Acoustics of the clarinet

Bb clarinet


Music Acoustics UNSW

E3 F3 F#3 G3 G#3 A3 A#3 B3
C4 C#4 D4 D#4 E4 F4 F#4 G4 G#4 A4 A#4 B4
C5 C#5 D5 D#5 E5 F5 F#5 G5 G#5 A5 A#5 B5
C6 C#6 D6 D#6 E6 F6 F#6 G6 G#6 A6 A#6 B6
C7 C#7


a key depressed
a key not depressed
a hole covered
a hole uncovered
a part of the mechanism that is not normally touched
Details in fingering legend.

Acoustic schematic
a closed tone hole
an open tone hole

Non-specialist introduction to acoustic impedance
Non-specialist introduction to clarinet acoustics

Notes are the written pitch.
Frequencies are the sounding frequency, for Bb clarinet.
Unless otherwise stated, the impedance spectrum is for a Bb clarinet.

Impedance spectrum of a Bb clarinet measured using fingering for B6.

We can think of this as the fingering for F3 with three register holes: the speaker key and the third finger holes on each hand. It plays somewhere near the eleventh harmonic (compare with the eleventh harmonic in the sound spectrum of F3). The register holes diminish and shift the five lower peaks (which, for F3, correspond to the 1st, 3rd, 5th, 7th and 9th harmonics) so that the desired peak (the sixth) is the strongest. However, we are now so far above the cut-off frequency that such discussions are rather simplistic and approximate. With this and all high notes, there is always the danger of the reed operating at one of the lower peaks. A hard reed has a higher natural frequency and one can help it with the embouchure.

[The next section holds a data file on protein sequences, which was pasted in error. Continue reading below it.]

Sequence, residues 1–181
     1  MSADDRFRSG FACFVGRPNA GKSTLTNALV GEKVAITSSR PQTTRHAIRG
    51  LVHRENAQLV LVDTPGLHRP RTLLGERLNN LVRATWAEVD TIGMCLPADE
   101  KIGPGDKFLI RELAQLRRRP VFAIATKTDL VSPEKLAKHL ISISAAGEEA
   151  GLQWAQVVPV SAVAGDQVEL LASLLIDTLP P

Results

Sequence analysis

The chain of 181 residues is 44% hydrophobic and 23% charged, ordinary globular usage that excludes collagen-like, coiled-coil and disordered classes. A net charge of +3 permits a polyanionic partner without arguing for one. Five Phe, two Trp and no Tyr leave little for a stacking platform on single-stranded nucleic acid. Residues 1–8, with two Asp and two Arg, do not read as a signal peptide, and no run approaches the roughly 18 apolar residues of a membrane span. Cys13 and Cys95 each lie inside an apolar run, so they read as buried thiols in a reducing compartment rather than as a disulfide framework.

Sound spectrum of a Bb clarinet played using fingering for B6.
For more explanation, see Introduction to clarinet acoustics

Sound Clip

You can hear B6 played.

Fingering legend
How were these results obtained?

Contact: Joe Wolfe /
phone 61-2-9385-4954 (UT +10, +11 Oct-Mar)
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